“Returning to the office” has been one of the most divisive issues of the post-2020 pandemic era, even taking out of the equation the contrarian commentators who still refuse to accept that there’s ever been a pandemic. The language involved in the debate has often become emotive, with people on one side of the argument saying that their counterparts are “living in fear”, while the opposite side returns fire with accusations of putting “profit before people”.
However, it seems hard to deny that the era of the remote workforce is here – and with workers holding out on a return and seeking out jobs that allow them to work from home, it’s probably time to stop opining on the concept and start figuring out how we deal with it.
Operating a remote workforce has its pros and its cons, and navigating that space is part of the job of any employer grappling with the future. Fortunately, the one thing CEOs won’t be starved of is advice on negotiating those pros and cons. Such advice, along with tech solutions for implementing remote working, will be forthcoming from far and wide. So the important thing to do now is consider how you would get started in transitioning more permanently to a hybrid or remote workforce.
Figure Out Your Remote Working Policies
Many bosses fear the potential loss of control that could come with employees working remotely, and indeed control will be lost if you don’t hammer out a policy for it. Ask yourself what the challenges are that will be raised by having a remote workforce, and put in place mitigations which you can then ask employees to sign up to. Absenteeism, slow working and fitful communication didn’t suddenly spring into existence in 2020, they are not created by remote working – so with some thought, you can at the very least limit them now.
Have Uniformity In Business Tech
One of the attractions of an office-based workforce is that you can know everyone in the office has the appropriate tech in place to do the job they’ve been hired to do. If a stay-at-home order was in place from tomorrow morning, would your remote workforce be able to say the same? A particular concern for bosses in 2020 was to do with data security, as the average family home doesn’t have the same firewall provisions an office does. So it’s a sound idea to rent an iPhone for each employee who needs it – with the proper security provisions pre-loaded. Providing laptops for employees is also an option; while it sounds expensive, money will be saved by not having to support them in the office.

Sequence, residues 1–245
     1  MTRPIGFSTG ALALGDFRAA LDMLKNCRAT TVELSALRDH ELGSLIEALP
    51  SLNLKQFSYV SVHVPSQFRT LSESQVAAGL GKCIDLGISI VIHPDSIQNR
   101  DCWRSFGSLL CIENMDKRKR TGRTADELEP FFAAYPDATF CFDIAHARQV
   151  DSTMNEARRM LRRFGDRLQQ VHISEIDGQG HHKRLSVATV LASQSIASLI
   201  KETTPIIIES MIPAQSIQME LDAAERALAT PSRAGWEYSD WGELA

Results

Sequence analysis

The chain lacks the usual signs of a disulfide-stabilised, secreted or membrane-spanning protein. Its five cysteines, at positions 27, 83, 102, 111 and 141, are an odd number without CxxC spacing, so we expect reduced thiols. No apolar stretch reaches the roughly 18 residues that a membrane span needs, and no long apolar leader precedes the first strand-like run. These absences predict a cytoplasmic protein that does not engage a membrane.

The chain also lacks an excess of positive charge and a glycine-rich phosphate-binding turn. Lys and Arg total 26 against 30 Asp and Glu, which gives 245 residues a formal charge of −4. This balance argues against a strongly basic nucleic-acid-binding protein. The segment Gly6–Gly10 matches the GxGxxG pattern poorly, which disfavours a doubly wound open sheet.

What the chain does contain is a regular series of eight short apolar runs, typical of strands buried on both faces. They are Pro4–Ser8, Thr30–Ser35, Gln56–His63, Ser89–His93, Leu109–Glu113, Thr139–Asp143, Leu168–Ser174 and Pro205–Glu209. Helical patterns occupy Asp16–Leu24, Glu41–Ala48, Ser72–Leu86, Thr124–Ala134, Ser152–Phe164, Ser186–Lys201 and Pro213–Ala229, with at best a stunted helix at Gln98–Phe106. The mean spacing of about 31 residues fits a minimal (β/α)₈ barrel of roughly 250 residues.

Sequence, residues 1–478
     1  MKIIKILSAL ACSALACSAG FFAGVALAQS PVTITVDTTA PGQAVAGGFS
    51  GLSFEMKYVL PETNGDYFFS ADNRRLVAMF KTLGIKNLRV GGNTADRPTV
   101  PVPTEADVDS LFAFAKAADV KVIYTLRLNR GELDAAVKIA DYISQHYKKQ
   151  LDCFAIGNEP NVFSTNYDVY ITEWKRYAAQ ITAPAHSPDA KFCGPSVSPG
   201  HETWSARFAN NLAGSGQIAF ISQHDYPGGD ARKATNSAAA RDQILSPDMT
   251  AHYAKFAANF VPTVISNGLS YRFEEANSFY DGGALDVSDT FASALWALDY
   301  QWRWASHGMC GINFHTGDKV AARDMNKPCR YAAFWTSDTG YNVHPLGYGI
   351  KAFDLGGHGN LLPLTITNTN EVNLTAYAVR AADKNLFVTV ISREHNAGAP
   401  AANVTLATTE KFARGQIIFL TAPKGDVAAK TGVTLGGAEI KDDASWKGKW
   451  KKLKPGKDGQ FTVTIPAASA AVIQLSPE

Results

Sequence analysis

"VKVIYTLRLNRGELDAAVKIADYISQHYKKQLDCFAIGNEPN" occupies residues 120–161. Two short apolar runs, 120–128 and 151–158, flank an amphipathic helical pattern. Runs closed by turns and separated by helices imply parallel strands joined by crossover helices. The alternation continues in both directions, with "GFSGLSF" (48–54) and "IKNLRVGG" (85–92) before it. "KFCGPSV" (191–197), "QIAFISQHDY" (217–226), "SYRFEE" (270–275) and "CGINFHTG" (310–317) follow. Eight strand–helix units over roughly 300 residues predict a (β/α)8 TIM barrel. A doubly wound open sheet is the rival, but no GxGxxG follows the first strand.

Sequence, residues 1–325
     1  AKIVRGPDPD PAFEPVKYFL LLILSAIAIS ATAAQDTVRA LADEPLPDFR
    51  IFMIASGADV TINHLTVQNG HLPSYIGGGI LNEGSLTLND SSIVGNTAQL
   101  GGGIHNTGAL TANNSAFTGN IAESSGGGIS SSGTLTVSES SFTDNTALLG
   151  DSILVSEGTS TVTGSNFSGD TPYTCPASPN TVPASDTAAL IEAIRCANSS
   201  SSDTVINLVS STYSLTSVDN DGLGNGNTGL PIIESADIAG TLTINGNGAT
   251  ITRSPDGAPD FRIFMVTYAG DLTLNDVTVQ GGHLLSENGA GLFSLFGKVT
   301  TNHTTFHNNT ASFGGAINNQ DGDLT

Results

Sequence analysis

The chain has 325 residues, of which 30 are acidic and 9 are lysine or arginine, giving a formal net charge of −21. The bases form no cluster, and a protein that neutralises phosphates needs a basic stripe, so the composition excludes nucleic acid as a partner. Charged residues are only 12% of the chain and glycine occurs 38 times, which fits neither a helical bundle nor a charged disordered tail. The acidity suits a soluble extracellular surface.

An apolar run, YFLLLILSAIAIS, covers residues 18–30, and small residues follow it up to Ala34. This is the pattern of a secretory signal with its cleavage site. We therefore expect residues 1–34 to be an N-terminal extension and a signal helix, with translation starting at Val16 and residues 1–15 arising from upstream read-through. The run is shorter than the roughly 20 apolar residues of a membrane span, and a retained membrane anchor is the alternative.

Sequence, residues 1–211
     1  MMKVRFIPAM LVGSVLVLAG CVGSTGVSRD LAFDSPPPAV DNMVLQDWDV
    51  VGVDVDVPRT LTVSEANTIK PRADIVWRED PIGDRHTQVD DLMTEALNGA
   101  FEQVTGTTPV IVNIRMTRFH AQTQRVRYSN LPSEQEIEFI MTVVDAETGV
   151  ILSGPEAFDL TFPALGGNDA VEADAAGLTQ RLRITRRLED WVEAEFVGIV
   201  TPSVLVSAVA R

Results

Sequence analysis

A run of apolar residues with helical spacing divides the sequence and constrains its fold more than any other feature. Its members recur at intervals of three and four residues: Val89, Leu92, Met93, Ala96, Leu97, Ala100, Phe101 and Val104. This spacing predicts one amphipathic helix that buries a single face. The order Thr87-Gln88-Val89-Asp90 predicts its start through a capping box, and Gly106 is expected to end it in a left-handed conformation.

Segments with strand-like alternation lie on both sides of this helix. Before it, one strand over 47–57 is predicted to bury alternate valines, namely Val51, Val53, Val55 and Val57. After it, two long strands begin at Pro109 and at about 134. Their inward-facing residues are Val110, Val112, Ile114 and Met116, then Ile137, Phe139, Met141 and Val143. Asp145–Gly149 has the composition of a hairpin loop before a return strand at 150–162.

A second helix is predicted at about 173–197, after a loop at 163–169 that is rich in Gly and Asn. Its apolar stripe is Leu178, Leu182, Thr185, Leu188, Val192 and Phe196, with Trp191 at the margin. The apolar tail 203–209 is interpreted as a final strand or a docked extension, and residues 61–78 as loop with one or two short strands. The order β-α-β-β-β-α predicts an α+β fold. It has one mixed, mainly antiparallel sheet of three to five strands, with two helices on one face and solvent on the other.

Compile A Plan For Virtual Office Communication
It’s not efficient to have employees WhatsApp information to one another on their own initiative, and it’s also potentially a data security nightmare. As far as remote working policies go, having an agreed system for business communication is absolutely indispensable. If one worker needs access to a spreadsheet, this should be requested via the stipulated channel. If a discussion needs to be had regarding customer data, it should likewise take place where it can be seen by those who need to know (and only by them). Systems like Slack have been used in offices for years now, and can be used remotely without any difficulty.
Decide Whether The Move Is Full And Final
An existing elephant in the room of the discussion on remote working is whether it is financially sensible to retain a working office when there is an alternative. It’s not something that any and every employer can consider, but with the price of commercial rent being what it is, some businesses will be able to save money by ending or not renewing a commercial lease. This is something that can only happen if the whole workforce can and will work remotely, of course, but if it is viable for your business it could be a shot in the arm for financial stability and productivity.
There may be times when it is useful or even essential to get employees together, but this doesn’t mean a fixed office is obligatory. Blocking off hours or even days to meet in a co-working space will still work out as more affordable than keeping an office on the off-chance that you’ll need it.
The pandemic has not put an end to office working, nor has it resulted in a situation where everybody can work from home. It has, however, created a conversation about how the future of work could look, and for any business owner it’s a good idea to be part of that conversation instead of reacting to it.